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Window on Eurasia — New Series: Russian Young Not Significantly More Liberal across the Board than Those in Their 30s and 40s, Zavadskaya Says


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Paul Goble

            Staunton, April 14 – Because the Kremlin has expressed so much concern about the participation of young Russians in protests, many assume that the younger generation is more liberal in all respects than its parents, Magarita Zavadskaya says. But in fact the data do not support that conclusion.

            The researcher at St. Petersburg’s European University says that there are no good data available on the share young people form in recent demonstrations and that survey data show that while young people are more liberal than their parents in some regards, they are very much like their parents in others (ridl.io/ru/progressivnaja-molodezh/).

            Thus, “one must not assert that young people have become significantly more liberal in all respects and demonstrate what may be called more ‘progressive’ views.” At the same time, however, “one must not speak about the appearance of signs of ‘a turn to conservatism’ that might have been expected” among those who’ve grown up under more authoritarian conditions.

            And from this it follows, Zavadskaya says, “the demand for liberalism in Russia today is shaping up not on a generational principle.” Some young people on some issues are significantly more liberal than their parents politically, but many others are not. They thus do not form a single bloc.

            While it is true for young Russians in the major cities that being apolitical is “as it were ‘unfashionable,’” young Russian are “above all a demographic and not a social group with a common identity and articulated interests. More than that, it does not represent in its an organized political force.”

            At the same time, however, the St. Petersburg scholar says, “there is reason to expect that young people can be distinguished from older generations as a result of the global movement of different groups toward emancipation,” which in the political sphere can mean a rejection of authoritarianism and a demand for democracy.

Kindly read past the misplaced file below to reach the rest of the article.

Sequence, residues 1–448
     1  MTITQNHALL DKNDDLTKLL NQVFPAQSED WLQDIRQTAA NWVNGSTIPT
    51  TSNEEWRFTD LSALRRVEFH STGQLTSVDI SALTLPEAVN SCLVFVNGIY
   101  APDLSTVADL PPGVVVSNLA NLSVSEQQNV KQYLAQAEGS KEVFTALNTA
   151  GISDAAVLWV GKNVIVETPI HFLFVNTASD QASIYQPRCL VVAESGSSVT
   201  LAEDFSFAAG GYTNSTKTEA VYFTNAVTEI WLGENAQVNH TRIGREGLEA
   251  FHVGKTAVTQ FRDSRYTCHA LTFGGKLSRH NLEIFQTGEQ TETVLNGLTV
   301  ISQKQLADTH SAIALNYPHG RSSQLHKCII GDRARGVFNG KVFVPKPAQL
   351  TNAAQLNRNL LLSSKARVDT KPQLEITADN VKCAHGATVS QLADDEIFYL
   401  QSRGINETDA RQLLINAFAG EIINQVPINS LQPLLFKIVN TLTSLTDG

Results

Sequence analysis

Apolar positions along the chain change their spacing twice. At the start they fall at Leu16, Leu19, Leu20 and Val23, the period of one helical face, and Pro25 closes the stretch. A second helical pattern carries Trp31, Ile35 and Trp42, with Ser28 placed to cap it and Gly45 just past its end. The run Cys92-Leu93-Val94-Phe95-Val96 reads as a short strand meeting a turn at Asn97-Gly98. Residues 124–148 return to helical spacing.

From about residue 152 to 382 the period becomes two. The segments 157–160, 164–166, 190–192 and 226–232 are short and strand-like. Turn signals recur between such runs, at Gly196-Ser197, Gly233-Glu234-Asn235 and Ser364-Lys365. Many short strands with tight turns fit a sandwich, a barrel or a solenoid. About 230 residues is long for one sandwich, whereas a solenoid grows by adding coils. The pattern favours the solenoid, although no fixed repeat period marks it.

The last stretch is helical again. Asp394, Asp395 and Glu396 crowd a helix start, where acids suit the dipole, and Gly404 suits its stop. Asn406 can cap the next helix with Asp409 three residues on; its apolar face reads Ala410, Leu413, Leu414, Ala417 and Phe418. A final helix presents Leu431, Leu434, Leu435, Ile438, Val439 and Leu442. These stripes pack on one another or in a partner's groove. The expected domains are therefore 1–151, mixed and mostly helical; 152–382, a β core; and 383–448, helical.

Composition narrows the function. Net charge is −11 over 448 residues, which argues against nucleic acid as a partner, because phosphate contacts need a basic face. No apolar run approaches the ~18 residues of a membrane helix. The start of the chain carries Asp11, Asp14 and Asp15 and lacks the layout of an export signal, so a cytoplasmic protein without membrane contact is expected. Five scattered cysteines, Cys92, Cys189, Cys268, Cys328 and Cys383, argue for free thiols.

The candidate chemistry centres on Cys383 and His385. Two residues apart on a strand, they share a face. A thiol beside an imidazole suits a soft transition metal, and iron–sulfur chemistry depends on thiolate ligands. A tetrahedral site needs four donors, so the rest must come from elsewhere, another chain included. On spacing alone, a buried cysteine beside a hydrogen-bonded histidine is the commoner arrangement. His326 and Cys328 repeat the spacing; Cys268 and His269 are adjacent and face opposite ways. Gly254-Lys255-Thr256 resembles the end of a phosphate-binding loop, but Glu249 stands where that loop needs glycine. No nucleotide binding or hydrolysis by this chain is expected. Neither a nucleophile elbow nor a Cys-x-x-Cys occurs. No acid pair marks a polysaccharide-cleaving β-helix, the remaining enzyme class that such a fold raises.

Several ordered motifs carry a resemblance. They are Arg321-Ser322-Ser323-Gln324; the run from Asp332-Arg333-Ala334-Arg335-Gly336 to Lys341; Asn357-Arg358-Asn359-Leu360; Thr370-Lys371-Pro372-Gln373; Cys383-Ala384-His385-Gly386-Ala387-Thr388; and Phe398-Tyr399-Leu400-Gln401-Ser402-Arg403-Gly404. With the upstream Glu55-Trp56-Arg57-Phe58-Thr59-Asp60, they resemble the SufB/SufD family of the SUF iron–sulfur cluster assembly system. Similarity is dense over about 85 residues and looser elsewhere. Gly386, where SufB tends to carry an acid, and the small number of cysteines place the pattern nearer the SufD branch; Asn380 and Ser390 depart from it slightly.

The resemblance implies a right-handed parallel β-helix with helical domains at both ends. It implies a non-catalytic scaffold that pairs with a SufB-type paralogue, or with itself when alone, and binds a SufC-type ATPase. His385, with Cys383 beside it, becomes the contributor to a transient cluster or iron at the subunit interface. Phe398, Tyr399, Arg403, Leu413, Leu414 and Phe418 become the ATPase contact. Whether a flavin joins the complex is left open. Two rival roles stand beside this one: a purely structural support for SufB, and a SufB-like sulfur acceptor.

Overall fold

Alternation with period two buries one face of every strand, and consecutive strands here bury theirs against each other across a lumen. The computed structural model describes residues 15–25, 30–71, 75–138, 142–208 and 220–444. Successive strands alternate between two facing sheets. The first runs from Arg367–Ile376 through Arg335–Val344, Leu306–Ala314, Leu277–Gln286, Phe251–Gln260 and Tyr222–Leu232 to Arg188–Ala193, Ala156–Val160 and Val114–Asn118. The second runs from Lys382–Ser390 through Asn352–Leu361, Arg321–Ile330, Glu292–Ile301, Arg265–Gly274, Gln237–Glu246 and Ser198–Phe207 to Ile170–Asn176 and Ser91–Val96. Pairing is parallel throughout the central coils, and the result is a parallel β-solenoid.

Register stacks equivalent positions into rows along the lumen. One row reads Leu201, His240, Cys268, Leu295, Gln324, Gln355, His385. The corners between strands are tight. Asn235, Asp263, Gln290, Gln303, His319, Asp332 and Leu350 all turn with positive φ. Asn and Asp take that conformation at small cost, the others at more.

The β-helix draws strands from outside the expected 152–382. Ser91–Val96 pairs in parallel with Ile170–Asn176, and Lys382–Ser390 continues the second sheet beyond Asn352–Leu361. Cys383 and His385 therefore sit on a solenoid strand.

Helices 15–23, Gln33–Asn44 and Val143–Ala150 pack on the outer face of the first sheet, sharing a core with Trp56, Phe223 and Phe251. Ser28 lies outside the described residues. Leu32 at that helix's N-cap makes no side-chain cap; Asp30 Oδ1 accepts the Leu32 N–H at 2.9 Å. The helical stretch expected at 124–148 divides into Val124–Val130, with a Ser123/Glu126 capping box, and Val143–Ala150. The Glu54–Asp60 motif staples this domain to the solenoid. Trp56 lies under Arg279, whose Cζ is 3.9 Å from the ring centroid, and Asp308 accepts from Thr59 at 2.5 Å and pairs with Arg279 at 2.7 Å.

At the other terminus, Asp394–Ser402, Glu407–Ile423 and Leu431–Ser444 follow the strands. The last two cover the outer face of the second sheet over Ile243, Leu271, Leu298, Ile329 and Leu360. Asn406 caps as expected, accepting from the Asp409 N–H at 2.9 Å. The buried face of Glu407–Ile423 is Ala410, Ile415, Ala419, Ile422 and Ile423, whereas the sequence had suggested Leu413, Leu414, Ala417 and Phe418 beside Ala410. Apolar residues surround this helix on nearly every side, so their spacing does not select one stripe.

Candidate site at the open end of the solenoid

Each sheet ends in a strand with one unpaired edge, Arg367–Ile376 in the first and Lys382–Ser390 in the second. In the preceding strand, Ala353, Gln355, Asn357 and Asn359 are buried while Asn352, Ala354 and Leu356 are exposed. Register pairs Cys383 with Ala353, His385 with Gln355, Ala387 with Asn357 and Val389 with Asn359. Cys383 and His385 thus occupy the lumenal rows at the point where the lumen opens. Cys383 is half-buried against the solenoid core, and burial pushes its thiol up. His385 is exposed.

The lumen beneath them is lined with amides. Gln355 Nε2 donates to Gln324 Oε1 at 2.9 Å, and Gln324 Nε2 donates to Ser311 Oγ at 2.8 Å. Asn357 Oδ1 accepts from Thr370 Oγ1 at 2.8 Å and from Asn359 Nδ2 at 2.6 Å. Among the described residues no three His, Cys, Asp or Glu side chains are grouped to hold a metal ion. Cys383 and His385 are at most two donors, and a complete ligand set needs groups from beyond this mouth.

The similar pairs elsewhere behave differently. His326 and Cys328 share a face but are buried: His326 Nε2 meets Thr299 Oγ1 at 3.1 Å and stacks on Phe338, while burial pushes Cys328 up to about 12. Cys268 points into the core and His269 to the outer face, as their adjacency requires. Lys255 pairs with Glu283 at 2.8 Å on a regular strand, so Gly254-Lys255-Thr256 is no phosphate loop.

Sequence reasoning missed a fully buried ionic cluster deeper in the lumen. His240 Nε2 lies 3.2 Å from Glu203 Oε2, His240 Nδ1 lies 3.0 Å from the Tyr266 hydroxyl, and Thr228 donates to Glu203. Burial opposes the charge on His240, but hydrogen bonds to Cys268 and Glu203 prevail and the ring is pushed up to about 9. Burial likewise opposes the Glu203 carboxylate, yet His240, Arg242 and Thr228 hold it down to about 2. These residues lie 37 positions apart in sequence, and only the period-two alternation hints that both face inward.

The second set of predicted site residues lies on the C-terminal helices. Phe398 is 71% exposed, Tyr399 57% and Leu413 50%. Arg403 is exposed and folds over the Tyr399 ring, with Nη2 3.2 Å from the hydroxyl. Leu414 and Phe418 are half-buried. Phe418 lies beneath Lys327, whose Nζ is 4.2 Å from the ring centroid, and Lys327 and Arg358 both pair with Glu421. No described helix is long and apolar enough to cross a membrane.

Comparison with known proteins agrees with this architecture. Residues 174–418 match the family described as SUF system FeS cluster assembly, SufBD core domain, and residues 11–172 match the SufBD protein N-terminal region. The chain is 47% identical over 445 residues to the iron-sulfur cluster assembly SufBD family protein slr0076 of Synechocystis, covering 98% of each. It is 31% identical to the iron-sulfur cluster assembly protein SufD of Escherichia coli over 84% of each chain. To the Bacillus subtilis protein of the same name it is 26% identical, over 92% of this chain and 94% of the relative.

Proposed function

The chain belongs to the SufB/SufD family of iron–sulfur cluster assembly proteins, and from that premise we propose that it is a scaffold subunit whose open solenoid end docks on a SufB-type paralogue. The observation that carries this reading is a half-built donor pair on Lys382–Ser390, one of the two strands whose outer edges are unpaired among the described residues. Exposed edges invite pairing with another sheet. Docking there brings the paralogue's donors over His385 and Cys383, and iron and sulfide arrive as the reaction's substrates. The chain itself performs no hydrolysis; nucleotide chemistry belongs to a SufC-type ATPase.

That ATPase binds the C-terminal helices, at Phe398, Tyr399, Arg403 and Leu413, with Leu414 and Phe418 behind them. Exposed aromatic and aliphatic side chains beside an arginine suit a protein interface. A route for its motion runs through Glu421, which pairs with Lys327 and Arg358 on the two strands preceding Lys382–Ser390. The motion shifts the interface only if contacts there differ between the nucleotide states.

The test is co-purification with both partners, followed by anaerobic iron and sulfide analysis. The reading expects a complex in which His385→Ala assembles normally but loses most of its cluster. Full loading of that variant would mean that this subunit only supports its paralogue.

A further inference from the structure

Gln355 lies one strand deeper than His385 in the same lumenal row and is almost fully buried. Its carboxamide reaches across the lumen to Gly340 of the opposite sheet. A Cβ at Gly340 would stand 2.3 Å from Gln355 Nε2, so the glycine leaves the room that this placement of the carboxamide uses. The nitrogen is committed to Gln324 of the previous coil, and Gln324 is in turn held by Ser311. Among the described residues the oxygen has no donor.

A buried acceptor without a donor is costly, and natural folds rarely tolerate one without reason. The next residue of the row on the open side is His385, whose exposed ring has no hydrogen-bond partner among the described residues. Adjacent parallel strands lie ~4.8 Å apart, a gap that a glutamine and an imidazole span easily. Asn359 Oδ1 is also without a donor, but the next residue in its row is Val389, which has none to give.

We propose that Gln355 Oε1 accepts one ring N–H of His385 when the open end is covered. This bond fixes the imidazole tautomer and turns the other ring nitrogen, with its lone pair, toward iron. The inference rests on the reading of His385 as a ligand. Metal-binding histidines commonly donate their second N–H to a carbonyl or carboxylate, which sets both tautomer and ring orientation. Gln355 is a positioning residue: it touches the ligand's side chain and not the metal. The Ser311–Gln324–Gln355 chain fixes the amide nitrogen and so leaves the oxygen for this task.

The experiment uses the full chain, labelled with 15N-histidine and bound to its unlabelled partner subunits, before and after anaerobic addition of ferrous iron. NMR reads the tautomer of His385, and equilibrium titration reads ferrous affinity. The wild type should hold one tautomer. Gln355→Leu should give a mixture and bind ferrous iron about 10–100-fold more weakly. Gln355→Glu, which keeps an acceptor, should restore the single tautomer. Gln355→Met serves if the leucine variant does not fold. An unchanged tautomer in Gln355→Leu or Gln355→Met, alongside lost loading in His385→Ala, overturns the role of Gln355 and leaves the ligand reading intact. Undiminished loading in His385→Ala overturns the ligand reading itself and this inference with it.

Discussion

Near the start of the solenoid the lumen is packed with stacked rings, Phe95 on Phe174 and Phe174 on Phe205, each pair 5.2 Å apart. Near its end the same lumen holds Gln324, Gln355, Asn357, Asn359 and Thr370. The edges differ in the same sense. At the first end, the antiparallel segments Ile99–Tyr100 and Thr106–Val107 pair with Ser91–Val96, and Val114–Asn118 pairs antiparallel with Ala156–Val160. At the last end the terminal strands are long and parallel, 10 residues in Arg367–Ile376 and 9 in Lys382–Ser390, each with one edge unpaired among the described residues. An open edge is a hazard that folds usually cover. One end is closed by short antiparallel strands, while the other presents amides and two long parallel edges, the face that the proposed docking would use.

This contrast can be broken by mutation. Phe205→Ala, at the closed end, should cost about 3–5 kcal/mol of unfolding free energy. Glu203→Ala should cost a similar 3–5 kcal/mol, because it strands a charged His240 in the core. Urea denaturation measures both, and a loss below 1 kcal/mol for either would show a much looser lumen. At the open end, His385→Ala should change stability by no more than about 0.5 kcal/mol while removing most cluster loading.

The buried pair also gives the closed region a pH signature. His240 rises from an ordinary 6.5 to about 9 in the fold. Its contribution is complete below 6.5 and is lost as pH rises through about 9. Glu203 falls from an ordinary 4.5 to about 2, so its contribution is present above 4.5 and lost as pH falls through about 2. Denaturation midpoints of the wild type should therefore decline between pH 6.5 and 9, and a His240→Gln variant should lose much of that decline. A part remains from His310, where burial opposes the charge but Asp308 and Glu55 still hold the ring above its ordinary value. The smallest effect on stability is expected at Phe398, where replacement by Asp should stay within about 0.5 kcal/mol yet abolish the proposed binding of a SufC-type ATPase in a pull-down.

Young people “on average are more negative about the state as a regulator” of the economy. But at this, intergenerational differences on economic values end. Attitudes toward inequality … have become more tolerant, but toward competition, attitudes are approximately the same.”

            Differences on gender roles vary: “almost half of young people surveyed say that if there is a shortage of work places, man should have greater rights to them than women,” but young people are more supportive of the idea of women as political leaders than are their elders, Zavadskaya continues.

            “All age groups besides those over 55 show similar views on questions concerning freedom of choice in private life,” although the young are “more tolerant” of homosexuality than are their parents. “But this testifies to the gradual liberalization of views from generation to generation.”

            Zavadskaya concludes that Russian youth on the whole are only a little different in their views from Russians in their 30s and 40s. The real divide is between both of these groups and those of pensioners who are significantly more conservative across the board.

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